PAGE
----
• Here's a clue, folks... most Congressmen do listen. If you call them, if you write them, your opinion is taken into consideration.
        Mine don't seem to. Bond, Talent, Blunt, all of Missouri, all good little Republicans marching in lockstep with what the Party wants. When I've written them with such concerns, they will either ignore me or send back a form letter saying (for example) how great the Patriot Act or the DMCA is.
      • Here's a clue, folks... most Congressmen do listen. If you call them, if you write them, your opinion is taken into consideration.

        The irony is that this is true exactly to the extent that we believe it to be true, and are willing to act on our beliefs. Cynical helplessness always plays into the hands of established power.

    • Sounds like a good way to get on that mysterious and secret No Fly list. You're clearly a seditious liberal!

      Isn't it cool how "liberal" has become the new "Commie"?
    • by XorNand (517466) on Thursday April 07, 2005 @09:50AM (#12164786)
      Bah... do you honestly think that the DHS is going to listen to you?

      One word: ACLU [aclu.org]

      Proud dues-paying member since 2003.

      One of the few organizations with the clout to truly (and positively) influence policy when it comes to these matters. You can be a member for less than $50/year. The min membership might even be half that much, IIRC.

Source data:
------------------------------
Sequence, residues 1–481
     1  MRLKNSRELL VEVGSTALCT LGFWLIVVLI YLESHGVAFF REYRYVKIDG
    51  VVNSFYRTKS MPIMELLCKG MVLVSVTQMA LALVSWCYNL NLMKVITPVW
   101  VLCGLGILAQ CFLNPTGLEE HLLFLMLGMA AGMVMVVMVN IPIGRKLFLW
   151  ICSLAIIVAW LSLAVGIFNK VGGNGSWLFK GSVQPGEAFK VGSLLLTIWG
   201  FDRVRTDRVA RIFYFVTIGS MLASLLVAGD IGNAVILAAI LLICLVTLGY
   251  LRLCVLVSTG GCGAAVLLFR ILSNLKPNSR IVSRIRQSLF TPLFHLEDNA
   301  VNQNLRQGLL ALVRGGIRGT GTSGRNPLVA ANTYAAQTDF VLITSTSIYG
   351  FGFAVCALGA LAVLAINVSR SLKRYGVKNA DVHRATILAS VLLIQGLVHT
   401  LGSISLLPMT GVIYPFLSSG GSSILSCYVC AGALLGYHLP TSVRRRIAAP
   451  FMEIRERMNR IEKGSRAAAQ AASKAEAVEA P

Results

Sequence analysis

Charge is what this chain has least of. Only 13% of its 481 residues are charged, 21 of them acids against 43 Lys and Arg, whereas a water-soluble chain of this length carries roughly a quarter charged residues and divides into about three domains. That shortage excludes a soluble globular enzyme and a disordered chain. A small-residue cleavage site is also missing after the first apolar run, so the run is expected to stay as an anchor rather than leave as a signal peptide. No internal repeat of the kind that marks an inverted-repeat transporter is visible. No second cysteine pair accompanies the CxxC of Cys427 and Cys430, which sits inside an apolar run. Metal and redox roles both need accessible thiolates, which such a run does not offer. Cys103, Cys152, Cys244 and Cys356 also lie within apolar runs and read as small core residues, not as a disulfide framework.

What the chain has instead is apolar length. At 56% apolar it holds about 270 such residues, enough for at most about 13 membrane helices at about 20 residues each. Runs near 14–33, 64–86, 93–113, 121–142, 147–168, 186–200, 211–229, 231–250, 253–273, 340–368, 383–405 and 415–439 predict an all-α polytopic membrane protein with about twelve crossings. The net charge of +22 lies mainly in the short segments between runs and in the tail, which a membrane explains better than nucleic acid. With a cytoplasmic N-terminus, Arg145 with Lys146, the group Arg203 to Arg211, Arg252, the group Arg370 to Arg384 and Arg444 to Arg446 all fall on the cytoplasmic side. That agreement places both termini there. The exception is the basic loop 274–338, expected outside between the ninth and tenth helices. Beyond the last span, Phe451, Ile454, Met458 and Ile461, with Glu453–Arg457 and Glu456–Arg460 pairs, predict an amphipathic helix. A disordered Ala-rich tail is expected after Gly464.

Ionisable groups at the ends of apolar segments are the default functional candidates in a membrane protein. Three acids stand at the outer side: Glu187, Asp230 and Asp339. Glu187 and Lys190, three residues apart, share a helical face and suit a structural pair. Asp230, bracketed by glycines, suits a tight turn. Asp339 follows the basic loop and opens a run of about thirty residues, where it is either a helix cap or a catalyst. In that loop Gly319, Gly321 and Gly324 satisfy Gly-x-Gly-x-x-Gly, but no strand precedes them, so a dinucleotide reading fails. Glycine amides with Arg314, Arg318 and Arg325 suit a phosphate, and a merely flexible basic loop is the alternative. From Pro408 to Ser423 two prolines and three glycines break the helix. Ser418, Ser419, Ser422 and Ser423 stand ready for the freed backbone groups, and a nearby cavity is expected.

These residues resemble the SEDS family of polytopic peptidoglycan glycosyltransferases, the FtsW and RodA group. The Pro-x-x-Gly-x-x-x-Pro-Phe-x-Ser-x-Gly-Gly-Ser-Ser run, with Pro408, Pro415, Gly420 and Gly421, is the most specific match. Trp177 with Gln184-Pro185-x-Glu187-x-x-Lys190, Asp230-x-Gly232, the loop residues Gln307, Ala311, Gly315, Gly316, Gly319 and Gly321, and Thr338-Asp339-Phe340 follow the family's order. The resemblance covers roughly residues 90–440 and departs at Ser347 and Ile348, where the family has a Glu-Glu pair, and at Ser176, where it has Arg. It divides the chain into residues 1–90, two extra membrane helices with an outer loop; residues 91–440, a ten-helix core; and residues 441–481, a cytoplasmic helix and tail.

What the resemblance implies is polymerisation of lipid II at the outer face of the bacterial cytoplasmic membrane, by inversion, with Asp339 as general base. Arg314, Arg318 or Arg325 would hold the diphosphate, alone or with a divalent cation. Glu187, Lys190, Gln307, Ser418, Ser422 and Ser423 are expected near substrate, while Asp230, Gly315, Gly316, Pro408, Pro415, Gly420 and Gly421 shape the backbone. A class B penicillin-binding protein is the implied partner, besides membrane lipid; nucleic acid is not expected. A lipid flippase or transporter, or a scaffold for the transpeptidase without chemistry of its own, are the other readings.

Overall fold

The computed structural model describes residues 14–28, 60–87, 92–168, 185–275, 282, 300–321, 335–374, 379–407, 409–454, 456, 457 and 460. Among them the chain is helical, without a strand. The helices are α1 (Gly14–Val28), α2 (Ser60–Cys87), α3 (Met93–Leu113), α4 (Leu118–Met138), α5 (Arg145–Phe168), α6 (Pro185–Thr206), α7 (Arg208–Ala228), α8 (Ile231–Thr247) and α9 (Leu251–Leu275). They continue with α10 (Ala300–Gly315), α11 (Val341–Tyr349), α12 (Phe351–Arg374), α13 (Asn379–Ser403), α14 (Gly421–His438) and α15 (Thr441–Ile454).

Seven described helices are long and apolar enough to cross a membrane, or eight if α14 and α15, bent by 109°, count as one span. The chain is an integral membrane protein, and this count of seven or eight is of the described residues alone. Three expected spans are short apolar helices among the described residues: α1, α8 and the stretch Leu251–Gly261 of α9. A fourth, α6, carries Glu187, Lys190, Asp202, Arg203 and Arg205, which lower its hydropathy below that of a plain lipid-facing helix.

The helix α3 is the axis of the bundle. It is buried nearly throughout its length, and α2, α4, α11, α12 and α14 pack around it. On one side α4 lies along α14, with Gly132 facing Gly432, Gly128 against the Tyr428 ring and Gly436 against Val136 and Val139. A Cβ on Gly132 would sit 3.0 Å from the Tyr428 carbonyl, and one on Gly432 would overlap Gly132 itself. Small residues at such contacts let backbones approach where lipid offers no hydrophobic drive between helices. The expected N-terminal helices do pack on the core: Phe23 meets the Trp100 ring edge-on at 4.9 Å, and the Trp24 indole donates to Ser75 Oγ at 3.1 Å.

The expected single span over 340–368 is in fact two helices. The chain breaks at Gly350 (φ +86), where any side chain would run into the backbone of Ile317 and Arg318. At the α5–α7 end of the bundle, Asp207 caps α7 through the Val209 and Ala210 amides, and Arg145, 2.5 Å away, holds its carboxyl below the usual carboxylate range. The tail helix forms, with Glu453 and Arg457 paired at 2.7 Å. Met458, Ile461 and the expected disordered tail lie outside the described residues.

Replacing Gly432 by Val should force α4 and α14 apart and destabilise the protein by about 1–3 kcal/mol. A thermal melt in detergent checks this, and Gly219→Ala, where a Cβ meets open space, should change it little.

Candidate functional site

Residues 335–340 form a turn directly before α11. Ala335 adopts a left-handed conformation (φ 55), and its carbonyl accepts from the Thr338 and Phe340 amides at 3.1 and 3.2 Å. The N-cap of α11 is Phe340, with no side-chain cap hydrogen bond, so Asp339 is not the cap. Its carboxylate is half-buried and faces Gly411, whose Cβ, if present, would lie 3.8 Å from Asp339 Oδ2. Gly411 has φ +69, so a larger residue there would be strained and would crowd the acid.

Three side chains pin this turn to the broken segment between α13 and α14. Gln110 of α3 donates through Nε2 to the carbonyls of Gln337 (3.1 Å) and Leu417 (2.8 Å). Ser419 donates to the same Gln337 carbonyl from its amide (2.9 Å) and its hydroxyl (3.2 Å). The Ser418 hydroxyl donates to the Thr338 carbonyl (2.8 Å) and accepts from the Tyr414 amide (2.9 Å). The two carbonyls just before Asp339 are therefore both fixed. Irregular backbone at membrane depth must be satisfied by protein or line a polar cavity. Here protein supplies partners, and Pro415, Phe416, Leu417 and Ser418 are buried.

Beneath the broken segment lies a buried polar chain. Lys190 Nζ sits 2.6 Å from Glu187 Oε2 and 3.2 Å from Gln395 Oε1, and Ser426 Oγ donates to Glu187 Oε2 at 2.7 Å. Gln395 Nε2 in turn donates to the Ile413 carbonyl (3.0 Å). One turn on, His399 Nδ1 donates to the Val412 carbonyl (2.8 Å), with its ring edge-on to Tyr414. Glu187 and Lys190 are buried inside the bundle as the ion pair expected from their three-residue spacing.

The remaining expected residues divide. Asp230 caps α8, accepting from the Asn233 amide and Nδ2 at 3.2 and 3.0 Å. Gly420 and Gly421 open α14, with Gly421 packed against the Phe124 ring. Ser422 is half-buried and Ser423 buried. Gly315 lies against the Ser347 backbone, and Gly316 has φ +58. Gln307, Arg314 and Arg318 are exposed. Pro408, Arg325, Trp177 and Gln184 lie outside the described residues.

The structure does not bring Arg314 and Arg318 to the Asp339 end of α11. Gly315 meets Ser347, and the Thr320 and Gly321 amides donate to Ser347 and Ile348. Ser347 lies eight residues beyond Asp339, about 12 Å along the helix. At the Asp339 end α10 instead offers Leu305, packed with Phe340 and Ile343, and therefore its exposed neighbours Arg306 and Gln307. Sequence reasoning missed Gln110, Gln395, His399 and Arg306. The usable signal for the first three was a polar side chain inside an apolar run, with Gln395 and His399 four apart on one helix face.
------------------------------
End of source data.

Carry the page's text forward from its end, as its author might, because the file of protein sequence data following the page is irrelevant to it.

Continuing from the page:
• Bah... do you honestly think that the DHS is going to listen to you?

        And you know this because of all the letters you've written that they've ignored?

        Not trying to defend DHS, but the idea that we say nothing because they will ignore it anyway is pretty pathetic.
  • Hiding stuff. (Score:5, Interesting)

    by scottzak (398384) on Thursday April 07, 2005 @08:39AM (#12164275)
    It seems to me that privacy only matters if there is a threat of sanction for the private behavior. Hiding stuff tends to add a layer of unhealthy psych because of the continual threats to the integrity of the cloak.